No Comment — June 9, 2007, 6:39 pm

Abramoff and “Justice” in the Heart of Dixie

On a hill above Birmingham, Alabama stands a statue of Vulcan, the Roman god of the forge, a symbol of the city’s debt to the steel industry around which it grew. Today, however, little steel is forged in Birmingham, but scandals are coming aplenty. What continues to emerge from the former Pittsburgh of the south are more details in the unfolding allegations surrounding the politically driven prosecution of former Alabama Governor Don Siegelman, today in the form of an article in the Birmingham News. Or rather, perhaps the Birmingham News piece is itself the story. Under a headline stating “Two Siegelman Advocates Missed Out on State Contract,” the News reports:

The two people alleging that former Gov. Don Siegelman’s prosecution was tainted by politics are tied to a company that did not win a state contract from Gov. Bob Riley’s administration last year. Former Riley Chief of Staff Toby Roth said he believed the lost contract was a factor when the two people signed statements accusing Riley’s advocates of engineering the case against Siegelman, a Democratic rival. “I think it certainly raises suspicions about their accusations,” Roth said. “This has got a sour grapes aspect to it.”

Now as my readers know, I am an attorney and an opinion-journalist, I teach law and journalism students at Columbia University, and as an attorney, I spend a good part of my practice representing and working for the media. My instincts tell me that this story was been peddled by Toby Roth – he may well have called a “marker” to get it run – and it aims to discredit the evidence for Karl Rove’s involvement by linking the sources to a failed contract bid. This is mighty thin gruel. But it all goes downhill from there. And you really have to read the story to its end. As in the Sherlock Holmes tale of “Silver Blaze” the really fascinating thing about the Birmingham News story consists of the facts which are strangely missing. For instance:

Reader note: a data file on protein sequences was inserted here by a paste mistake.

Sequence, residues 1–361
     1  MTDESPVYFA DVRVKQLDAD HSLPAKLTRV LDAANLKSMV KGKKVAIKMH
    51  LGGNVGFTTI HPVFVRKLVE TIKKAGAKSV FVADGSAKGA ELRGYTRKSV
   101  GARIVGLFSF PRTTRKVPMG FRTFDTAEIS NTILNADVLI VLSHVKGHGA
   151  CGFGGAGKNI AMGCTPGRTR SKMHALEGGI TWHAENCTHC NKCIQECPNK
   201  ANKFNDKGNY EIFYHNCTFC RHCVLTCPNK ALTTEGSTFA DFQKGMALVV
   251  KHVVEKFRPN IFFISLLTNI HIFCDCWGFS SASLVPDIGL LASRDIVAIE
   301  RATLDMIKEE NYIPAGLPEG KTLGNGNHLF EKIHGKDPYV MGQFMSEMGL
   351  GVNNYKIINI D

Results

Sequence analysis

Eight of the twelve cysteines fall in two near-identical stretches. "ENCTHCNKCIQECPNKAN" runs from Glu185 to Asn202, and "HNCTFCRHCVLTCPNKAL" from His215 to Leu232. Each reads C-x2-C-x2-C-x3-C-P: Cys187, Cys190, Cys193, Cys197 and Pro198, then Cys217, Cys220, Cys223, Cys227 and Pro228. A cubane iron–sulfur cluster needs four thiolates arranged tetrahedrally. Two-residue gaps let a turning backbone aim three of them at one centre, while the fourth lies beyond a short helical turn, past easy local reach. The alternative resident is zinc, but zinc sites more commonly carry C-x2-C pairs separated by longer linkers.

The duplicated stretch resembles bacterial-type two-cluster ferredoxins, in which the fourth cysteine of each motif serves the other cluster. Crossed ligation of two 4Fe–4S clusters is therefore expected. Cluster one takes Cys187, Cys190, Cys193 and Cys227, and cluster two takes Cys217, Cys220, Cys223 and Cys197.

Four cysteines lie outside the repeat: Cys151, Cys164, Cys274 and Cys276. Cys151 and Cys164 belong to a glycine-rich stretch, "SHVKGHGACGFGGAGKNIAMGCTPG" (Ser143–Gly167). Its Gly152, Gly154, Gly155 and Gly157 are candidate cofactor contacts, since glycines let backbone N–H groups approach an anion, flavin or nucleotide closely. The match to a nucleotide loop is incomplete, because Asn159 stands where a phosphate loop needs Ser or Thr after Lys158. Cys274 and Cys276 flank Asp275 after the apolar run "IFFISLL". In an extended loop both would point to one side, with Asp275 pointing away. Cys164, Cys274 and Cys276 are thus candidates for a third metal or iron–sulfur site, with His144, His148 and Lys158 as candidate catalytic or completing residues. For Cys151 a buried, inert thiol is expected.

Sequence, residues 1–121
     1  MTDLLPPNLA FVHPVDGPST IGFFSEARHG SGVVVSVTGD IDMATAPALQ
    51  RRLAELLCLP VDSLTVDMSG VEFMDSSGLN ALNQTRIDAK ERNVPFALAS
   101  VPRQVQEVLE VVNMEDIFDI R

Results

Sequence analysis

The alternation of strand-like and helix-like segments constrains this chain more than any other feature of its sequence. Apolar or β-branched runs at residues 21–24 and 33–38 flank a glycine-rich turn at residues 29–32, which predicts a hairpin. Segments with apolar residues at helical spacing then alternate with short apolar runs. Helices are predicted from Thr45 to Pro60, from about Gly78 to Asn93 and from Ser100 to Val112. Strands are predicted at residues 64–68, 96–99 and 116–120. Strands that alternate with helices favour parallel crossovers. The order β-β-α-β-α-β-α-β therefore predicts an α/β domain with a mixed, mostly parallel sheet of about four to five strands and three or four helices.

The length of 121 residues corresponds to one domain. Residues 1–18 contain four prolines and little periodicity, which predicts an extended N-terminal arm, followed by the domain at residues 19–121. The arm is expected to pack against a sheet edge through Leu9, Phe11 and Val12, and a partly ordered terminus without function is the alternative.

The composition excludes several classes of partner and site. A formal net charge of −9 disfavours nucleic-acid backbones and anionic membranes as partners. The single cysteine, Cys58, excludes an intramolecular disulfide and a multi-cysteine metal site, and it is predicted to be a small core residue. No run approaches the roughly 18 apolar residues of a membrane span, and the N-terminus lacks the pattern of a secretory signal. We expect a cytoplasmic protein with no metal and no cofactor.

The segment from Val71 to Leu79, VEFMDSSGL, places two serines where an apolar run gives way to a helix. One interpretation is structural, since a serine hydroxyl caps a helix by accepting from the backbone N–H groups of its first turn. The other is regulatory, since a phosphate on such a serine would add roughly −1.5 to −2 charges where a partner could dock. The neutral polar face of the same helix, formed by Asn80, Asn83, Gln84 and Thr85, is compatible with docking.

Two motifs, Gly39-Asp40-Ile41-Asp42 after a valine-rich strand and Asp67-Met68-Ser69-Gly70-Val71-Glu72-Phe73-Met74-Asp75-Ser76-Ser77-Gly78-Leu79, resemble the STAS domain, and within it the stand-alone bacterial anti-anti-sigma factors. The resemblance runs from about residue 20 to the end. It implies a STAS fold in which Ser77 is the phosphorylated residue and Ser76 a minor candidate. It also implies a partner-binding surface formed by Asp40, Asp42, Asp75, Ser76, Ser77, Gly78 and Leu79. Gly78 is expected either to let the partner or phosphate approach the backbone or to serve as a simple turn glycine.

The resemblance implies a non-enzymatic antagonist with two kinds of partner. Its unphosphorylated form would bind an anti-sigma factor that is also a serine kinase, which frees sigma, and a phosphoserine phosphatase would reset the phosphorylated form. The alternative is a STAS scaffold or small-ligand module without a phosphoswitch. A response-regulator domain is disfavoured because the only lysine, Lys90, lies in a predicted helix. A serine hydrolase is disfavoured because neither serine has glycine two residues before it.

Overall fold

• Might Toby Roth have some particular exposure or interest in the affidavit other than simply shilling for his old boss? A good journalist knows that he needs to acquaint his reader with the relationship the speaker has to the story, particularly the connection that the speaker does not want to disclose. Now Toby Roth is a former chief of staff for Governor Riley. Granted, a chief of staff has a duty to shill for his boss – that’s a core part of the job description – but beyond that? How about the fact that Governor Riley’s son features smack dead-center in the allegations. That’s a fact. It’s not mentioned.
  • Might there be any relationship between Toby Roth and Karl Rove? That would be another highly relevant entanglement, wouldn’t it? Well, before Mr. Roth served Bob Riley as chief of staff, he had a very long engagement in Alabama GOP politics. And among his clients was Harold See, a candidate for the Alabama Supreme Court. With whom did he collaborate in that long and hard-fought battle? Perhaps our friends at the News could have asked a question. Perhaps they could have invested 90 seconds on the internet. The answer would have been: William Canary and Karl Rove. That’s right, the third man who together with Canary and Rove drove the transformational campaign profiled in the Atlantic’s groundbreaking story was Toby Roth. That’s a fact. It’s not mentioned.
  • Where exactly did Toby Roth go when he left Governor Riley’s service? Roth is one of an entire platoon of Riley staffers who departed in order to take up work for Indian gaming interests. Others are: Michael Scanlon, Dan Gans, Dax Swatek, Twinkle Andress. Roth went to work with former Trent Lott chief-of-staff John Lundy at a Jackson, Mississippi-based lobbying firm named Capitol Resources. Among the firm’s principal clients are the casinos owned and operated by the Mississippi Choctaw Indian, whom they represented jointly with Jack Abramoff.